OUR ISLANDS AND THEIR PEOPLE.
YOUNG TAGALOG GIRL DRESSED IN PINA WAIST AND EMBROIDERED SILK SKIRT.
He promises to visit the United States at an early date, and bring his kris with him, on which occasion it is to be hoped that his excellency ^ not a run amuck.a But Dato
Mandi is not the only great man among
the Moro chiefs. There are others. An
Wm \ who accom-
panied General Batesa expedition at the time the treaty with the Sultan was made, describes, in a very entertaining manner, some of the peculiar people she met; and an observant American lady would see thinga s about a Sultana s establishment that a man
might overlook. She says: a One of the most powerful chiefs on the island, named Dato Calvi, was on board with his suite; we sat on the after bridge most of the time, and as we looked down on the deck below, I could hardly realize that I was not in a balcony seat of a New York playhouse, watching a comic opera. No Italian bandits or other stage heroes who exult in the triumph of the costumera s art, ever presented a more picturesque or ferocious
appearance than our band of Moros.
A The physical difference between the Moros and other Filipinos is as great as that of their customs and religion. Their dress is essentially barbaric in its cut and coloring. Instead of the I loose white shirt and trousers of the S northern islanders, the Moros wear | close-fitting suits of gaudy cotton or silk, the quality and ornamentation depending on the means and rank of the individual. No Moro stirs abroad without a barong or kris thrust into his sash. These knives are beautifully made, and their edges are ground as keen as a razor. The Moro sometimes uses them for general utility, as the Cuban uses the machete, but they are often employed for a more sinister purpose. A barong, deftly handled, makes short work of the life of a human being, and the Moros are skilled in this sort of carving.
The Dato Calvi had expressed so much friendliness for our government that General Bates thought he would have a favorable influence on the Sultan. But it was impossible, both for reasons of state and for safety, for him to travel without a sufficient number of followers to uphold his dignity. The dato himself was a young fellow and quite a dude, according to Moro standards.
He was a man that would be singled out anywhere as used to command; he strutted across the deck in a manner inimitable, his turban of raw silk tied with a style and strong individuality and his clothes showing a certain harmony of taste a they consisted of but two pieces. The dato was followed everywhere by his betel-nut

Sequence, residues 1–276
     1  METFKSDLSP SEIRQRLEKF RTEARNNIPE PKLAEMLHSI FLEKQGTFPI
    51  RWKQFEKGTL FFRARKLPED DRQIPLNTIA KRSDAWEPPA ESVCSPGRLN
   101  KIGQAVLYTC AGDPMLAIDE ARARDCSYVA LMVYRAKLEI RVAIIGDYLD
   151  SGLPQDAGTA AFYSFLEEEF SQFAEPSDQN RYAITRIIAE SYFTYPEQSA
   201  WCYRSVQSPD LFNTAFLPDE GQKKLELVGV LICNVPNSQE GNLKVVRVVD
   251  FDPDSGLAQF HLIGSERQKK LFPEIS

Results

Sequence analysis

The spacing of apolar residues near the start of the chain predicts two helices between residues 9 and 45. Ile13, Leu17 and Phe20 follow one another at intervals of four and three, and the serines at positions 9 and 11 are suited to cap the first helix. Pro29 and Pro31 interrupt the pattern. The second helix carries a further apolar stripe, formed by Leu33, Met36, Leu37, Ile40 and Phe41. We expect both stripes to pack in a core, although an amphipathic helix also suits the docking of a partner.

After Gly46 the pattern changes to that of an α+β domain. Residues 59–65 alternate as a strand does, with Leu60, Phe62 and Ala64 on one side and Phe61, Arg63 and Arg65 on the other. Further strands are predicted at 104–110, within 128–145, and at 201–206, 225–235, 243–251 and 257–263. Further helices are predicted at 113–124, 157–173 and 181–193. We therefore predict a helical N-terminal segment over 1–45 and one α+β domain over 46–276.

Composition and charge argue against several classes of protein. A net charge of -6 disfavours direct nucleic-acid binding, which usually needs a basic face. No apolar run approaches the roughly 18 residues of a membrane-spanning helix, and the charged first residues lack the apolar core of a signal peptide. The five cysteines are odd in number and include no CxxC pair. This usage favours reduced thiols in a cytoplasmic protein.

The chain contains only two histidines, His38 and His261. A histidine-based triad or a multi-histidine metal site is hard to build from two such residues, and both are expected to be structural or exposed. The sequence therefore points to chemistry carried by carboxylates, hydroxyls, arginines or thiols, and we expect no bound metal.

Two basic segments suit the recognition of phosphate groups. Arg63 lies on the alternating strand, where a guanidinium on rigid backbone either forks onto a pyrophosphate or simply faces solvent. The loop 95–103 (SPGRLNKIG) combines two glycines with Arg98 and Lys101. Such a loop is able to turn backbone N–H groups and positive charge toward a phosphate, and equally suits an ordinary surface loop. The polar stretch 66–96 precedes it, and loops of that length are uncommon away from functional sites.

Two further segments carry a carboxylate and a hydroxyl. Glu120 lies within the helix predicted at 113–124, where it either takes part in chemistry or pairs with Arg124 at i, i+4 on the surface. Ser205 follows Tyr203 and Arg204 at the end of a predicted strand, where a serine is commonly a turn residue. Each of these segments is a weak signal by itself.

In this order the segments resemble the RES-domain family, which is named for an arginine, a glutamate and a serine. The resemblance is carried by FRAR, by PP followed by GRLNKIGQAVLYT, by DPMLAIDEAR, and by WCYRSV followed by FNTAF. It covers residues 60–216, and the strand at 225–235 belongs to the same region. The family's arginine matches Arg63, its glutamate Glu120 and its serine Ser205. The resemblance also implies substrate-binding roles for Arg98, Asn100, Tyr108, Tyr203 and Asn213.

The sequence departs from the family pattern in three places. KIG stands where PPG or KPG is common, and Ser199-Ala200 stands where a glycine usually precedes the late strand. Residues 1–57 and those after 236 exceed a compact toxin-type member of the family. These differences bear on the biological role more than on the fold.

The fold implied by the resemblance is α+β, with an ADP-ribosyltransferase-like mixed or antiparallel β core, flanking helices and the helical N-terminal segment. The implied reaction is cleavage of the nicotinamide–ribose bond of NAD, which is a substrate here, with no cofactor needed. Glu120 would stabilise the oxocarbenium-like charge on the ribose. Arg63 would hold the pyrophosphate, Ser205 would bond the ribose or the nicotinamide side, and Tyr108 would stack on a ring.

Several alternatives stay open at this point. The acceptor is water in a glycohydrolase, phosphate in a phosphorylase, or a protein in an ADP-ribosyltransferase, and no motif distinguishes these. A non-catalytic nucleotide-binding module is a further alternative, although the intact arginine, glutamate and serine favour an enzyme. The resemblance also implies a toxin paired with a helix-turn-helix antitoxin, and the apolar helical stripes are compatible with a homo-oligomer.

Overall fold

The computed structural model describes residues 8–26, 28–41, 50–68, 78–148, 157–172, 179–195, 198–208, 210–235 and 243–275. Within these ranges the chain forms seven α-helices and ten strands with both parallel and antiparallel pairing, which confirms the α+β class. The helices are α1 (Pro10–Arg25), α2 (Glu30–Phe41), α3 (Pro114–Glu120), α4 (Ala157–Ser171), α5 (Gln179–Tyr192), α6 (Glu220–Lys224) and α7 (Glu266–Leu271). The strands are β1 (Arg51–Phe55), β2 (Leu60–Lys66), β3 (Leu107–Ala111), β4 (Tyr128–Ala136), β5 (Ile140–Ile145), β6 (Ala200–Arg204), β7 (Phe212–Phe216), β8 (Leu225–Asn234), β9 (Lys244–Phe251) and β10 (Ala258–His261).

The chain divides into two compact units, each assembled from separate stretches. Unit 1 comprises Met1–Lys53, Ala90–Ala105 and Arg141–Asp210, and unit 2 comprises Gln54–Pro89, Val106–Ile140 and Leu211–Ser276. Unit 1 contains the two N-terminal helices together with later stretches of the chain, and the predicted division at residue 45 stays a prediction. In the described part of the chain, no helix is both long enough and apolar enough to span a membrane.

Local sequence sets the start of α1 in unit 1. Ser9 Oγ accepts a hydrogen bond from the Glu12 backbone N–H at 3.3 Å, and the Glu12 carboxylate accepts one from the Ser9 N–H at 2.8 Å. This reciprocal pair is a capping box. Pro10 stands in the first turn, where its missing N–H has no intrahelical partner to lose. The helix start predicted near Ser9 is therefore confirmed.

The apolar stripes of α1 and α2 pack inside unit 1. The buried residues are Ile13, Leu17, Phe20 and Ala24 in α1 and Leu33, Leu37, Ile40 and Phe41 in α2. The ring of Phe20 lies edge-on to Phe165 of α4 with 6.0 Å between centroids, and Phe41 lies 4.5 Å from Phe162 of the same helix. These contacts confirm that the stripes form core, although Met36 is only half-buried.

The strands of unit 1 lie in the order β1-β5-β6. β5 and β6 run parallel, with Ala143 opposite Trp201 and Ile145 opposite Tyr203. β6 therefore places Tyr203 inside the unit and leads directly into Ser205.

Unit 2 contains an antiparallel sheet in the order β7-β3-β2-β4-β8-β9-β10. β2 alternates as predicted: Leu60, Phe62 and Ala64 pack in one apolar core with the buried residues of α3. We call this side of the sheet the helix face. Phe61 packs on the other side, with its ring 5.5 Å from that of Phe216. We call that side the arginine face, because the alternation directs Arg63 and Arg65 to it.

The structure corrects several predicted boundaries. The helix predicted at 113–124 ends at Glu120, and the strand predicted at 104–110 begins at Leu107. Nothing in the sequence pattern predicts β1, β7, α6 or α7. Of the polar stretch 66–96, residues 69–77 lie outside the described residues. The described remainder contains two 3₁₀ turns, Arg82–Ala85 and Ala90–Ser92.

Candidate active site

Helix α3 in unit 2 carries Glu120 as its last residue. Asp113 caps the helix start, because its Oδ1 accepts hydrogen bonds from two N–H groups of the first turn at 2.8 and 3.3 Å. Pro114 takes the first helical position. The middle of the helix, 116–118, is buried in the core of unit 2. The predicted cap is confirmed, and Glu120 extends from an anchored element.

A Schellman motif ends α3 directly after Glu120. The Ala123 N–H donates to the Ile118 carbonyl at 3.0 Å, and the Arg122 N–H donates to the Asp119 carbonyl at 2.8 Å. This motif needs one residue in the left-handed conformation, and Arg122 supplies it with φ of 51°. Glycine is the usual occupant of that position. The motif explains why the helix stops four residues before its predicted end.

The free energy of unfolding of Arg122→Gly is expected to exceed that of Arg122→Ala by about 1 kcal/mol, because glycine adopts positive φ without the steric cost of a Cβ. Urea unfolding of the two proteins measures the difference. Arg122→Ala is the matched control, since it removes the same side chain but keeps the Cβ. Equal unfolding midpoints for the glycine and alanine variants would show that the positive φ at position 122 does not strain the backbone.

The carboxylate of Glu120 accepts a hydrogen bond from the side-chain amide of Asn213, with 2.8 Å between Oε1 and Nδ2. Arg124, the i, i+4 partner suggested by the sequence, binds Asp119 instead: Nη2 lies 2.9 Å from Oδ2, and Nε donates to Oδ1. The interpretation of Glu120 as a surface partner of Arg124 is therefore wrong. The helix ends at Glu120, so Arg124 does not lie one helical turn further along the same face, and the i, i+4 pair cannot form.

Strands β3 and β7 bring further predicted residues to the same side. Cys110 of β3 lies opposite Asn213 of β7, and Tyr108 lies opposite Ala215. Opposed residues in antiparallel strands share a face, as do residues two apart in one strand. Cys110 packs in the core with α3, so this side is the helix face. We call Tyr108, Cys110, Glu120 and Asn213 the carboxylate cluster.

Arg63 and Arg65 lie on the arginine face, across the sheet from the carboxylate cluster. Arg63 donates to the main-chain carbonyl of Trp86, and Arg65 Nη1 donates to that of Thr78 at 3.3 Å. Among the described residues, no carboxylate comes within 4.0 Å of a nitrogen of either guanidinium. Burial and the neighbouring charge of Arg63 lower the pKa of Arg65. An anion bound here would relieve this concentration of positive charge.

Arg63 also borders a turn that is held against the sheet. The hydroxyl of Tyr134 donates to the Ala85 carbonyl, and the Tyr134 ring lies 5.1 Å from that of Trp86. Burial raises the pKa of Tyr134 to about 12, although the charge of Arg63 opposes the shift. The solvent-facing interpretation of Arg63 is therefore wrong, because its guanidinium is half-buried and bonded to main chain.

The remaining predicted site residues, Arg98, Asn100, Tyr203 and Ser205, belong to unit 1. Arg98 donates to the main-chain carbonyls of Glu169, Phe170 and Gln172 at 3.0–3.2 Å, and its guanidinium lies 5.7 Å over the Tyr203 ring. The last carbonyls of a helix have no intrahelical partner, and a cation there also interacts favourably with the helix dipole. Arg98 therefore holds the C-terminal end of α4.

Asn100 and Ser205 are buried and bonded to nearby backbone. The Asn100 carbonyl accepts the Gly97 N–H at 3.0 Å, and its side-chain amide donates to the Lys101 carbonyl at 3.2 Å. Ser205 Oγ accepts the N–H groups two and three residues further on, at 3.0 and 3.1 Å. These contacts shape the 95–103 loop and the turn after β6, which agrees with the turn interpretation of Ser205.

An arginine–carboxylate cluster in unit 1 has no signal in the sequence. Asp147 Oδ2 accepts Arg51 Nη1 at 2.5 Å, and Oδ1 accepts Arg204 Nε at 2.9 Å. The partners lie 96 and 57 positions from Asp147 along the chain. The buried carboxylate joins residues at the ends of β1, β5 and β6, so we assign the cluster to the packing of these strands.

carrier, who kept him constantly supplied with a good a chew;a his other retainers were men-at-arms, and dressed only less gorgeous than the
shown all the way of specially gun which their curi-tridges. A which wras
TAGALOG GIRL, SHOWING USUAL STYLE OF WEARING THE HAIR.
NATIVE TAGALOG PRIEST.
dato himself. They were the civilized wonders in guns on board, and were A interested in the rapid-fire j'~ was set going, to satisfy i osity, with a string of car-meal was served them so distasteful to them that one of the suite was called in to cook some rice for his lord in the proper style.a
On arriving at Maybun, the party were directed to call first on the dowager Sultana, and our correspondent describes the event in the
following style: a While we were looking this way and that, trying to find a building sufficiently magnificent to be the abode of one so exalted in rank, we were halted before a small house, the central one of a group of huts, distinguished only from those that surrounded it by the fact that it was constructed of rough planks, while the others were of bamboo and nipa. We were ushered inside and invited to sit down. It was the residence of the Sultana Inchi Jamela, the mother of the present Sultan.
a The room into which we crowded was not more than fifteen feet long and ten broad. A table covered by a cloth was in the middle, and a number of bent wood chairs were grouped about it, an especially large one being provided for the general. At one end was a sort of couch, or divan, built of boards, over which was thrown a covering of purple satin, and three of us sat on this. By the time we had all crowded in and found seats, the people who had followed us on the tug arrived. There was a general moving about to make more room, extra chairs were brought in from some interior region, and, to our surprise, we found ourselves all
accommodated, though wedged in so' tight that it was impossible for one to move without disturbing the whole room full. At the end of the table, opposite General Bates, were twodatos, and the Sultana s younger brother. Outside the door and the one window was the population of Maybun. It was a promiscuous mixture of young and old, patrician and plebeian, all equally overcome by intense curiosity. The emotions
wealthy young tagalog lady and her maid.